I enjoyed this book as a chronicle of Shockley's life, but found it to be disappointing in that I felt that it failed to explain why Shockley did what he did, most particularly, why did Shockley insist on publicly discussing his eugenic views? Was it because he lived for the notoriety? Was it due to a form of egomania? Can it be attributed to his political views? Shurkin doesn't tell us.
Shockley was, by all accounts, a very difficult, even insufferable, person, who, by the time he breathed his last, had few friends. To my mind it's clear that he suffered from what psychologists would describe as a personality disorder, and maybe even something similar to Asperger's. Shurkin explains these facts in a single paragraph; yet perhaps more than any other fact, they explain the trajectory of his life, the purported focus of this book.Read more ›
I had a real hard time getting through the last 1/3 of the book. Mostly due to the eugenics he later took up. William Shockley apparently enjoyed the media limelight and this contributed to his need to speak about the touchy subject that bordered on racism. If you are interested in the science, life, and accomplishments of Shockley then read the first 2/3's of the book; you could leave the last 1/3 by the way and avoid the complications of trying to get through it all. I would recommend this book but only first 2/3's. I'd provide a warning on the last 1/3.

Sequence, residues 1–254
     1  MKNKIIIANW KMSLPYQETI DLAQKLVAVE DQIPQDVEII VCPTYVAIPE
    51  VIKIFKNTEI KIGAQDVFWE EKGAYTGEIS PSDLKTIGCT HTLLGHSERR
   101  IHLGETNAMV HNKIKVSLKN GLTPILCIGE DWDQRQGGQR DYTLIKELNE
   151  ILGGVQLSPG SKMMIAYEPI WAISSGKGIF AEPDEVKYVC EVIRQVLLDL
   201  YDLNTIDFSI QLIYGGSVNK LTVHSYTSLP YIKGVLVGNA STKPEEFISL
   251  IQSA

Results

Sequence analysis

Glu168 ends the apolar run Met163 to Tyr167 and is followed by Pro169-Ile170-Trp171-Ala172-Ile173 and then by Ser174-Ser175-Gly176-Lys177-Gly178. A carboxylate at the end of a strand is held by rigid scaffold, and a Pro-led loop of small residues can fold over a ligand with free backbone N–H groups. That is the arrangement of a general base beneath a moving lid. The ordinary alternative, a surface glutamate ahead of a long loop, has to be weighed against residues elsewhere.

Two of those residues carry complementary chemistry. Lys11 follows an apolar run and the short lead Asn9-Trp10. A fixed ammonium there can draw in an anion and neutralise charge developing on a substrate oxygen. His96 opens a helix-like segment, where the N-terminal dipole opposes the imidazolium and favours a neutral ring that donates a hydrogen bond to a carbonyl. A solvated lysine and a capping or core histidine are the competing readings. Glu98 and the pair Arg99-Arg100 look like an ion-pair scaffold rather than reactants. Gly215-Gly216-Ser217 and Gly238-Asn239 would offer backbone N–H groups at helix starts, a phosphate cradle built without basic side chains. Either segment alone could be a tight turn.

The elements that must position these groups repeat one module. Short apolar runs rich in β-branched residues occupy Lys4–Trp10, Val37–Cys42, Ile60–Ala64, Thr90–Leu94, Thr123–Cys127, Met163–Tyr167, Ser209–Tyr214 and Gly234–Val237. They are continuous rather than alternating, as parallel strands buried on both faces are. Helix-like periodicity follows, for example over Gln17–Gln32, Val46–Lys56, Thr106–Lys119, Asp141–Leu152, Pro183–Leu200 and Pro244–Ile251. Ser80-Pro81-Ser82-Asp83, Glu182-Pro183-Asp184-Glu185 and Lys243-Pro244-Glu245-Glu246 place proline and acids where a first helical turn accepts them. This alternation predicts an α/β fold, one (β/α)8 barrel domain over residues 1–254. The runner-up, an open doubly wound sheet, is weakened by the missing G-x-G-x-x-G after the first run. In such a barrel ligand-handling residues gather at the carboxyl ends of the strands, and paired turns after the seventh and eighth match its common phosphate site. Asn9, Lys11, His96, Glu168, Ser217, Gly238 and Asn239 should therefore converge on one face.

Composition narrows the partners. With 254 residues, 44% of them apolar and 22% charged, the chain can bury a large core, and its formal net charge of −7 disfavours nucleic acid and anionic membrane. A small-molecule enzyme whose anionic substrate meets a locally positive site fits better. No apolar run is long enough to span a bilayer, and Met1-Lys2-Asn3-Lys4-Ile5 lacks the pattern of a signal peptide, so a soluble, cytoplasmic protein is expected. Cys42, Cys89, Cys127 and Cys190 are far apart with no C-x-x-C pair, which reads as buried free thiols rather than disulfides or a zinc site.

The author did a commendable job in writing, researching, and setting objectivity throughout the biography of William Shockley.
Most Recent Customer Reviews
I have been asked, of my reviews of biographies, am I reviewing the book? - or the person? Good question. Read morePublished 9 months ago by J. P.
Fast delivery, The book looks new, The title tell all - the author gave an excellent account of what Bill had done, plus what Bill had suffered.Published on August 4, 2014 by Happy Ho
William Shockley is famous for it's invention of the transistor and for starting a semiconductor company that later led to Fairchild (which in turn led to Intel). Read morePublished on February 7, 2013 by Bas Vodde
I am electrical engineer, and for me Shockley is THE inventor of junction transistor. Unfortunately, this period of his life is covered maybe on 50 pages and considered by the... Read morePublished on November 23, 2010 by Amazon Customer
This book attempts to portray Shockley's views on the genetic basis of intelligence and its relationship to race and eugenics in a sympathetic light by pointing out that other... Read morePublished on November 22, 2010 by arpard fazakas
William Shockley is the greatest genius ever lived. It is wrong to title the book "Broken Genius". Shockley is not broken in any way.Published on September 28, 2009 by Sam
Who has been the most influential person in history?.... Typical answers to this question are Einstein, Newton, Guttenberg, Gates, Jobs....etc...etc...etc.... Read morePublished on May 11, 2009 by Ricardo R. Gonzalez
The winners write the history, and the history of Silicon Valley is no exception. Until this book William Shockley, if he was known at all, was thought of as the eccentric Nobel... Read morePublished on October 31, 2007 by Tech Historian